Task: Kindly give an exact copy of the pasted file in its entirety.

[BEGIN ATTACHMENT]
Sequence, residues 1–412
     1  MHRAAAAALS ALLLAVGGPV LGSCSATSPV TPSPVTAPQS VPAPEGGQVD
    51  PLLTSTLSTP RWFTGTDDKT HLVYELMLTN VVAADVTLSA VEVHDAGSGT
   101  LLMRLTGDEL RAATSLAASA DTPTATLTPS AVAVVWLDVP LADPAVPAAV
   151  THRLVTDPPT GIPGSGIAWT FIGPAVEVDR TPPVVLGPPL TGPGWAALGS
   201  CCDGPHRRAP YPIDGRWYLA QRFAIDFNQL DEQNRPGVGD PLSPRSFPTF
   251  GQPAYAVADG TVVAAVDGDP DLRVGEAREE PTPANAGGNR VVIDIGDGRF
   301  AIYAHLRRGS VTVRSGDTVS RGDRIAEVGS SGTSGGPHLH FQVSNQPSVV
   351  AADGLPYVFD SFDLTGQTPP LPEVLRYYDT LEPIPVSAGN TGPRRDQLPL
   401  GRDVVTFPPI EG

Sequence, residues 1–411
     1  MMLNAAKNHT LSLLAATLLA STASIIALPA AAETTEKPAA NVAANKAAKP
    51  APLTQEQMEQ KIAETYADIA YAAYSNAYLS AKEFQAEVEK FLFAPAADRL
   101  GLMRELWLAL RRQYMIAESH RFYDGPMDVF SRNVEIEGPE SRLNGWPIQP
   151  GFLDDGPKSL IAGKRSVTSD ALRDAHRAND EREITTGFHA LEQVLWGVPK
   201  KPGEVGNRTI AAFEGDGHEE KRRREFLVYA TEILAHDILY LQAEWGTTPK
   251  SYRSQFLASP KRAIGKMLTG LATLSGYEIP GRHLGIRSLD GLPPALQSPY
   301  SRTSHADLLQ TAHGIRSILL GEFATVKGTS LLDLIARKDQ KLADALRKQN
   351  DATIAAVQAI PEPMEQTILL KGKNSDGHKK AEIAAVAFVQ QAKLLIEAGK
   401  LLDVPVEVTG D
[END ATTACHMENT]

Sequence, residues 1–412
     1  MHRAAAAALS ALLLAVGGPV LGSCSATSPV TPSPVTAPQS VPAPEGGQVD
    51  PLLTSTLSTP RWFTGTDDKT HLVYELMLTN VVAADVTLSA VEVHDAGSGT
   101  LLMRLTGDEL RAATSLAASA DTPTATLTPS AVAVVWLDVP LADPAVPAAV
   151  THRLVTDPPT GIPGSGIAWT FIGPAVEVDR TPPVVLGPPL TGPGWAALGS
   201  CCDGPHRRAP YPIDGRWYLA QRFAIDFNQL DEQNRPGVGD PLSPRSFPTF
   251  GQPAYAVADG TVVAAVDGDP DLRVGEAREE PTPANAGGNR VVIDIGDGRF
   301  AIYAHLRRGS VTVRSGDTVS RGDRIAEVGS SGTSGGPHLH FQVSNQPSVV
   351  AADGLPYVFD SFDLTGQTPP LPEVLRYYDT LEPIPVSAGN TGPRRDQLPL
   401  GRDVVTFPPI EG

Sequence, residues 1–411
     1  MMLNAAKNHT LSLLAATLLA STASIIALPA AAETTEKPAA NVAANKAAKP
    51  APLTQEQMEQ KIAETYADIA YAAYSNAYLS AKEFQAEVEK FLFAPAADRL
   101  GLMRELWLAL RRQYMIAESH RFYDGPMDVF SRNVEIEGPE SRLNGWPIQP
   151  GFLDDGPKSL IAGKRSVTSD ALRDAHRAND EREITTGFHA LEQVLWGVPK
   201  KPGEVGNRTI AAFEGDGHEE KRRREFLVYA TEILAHDILY LQAEWGTTPK
   251  SYRSQFLASP KRAIGKMLTG LATLSGYEIP GRHLGIRSLD GLPPALQSPY
   301  SRTSHADLLQ TAHGIRSILL GEFATVKGTS LLDLIARKDQ KLADALRKQN
   351  DATIAAVQAI PEPMEQTILL KGKNSDGHKK AEIAAVAFVQ QAKLLIEAGK
   401  LLDVPVEVTG D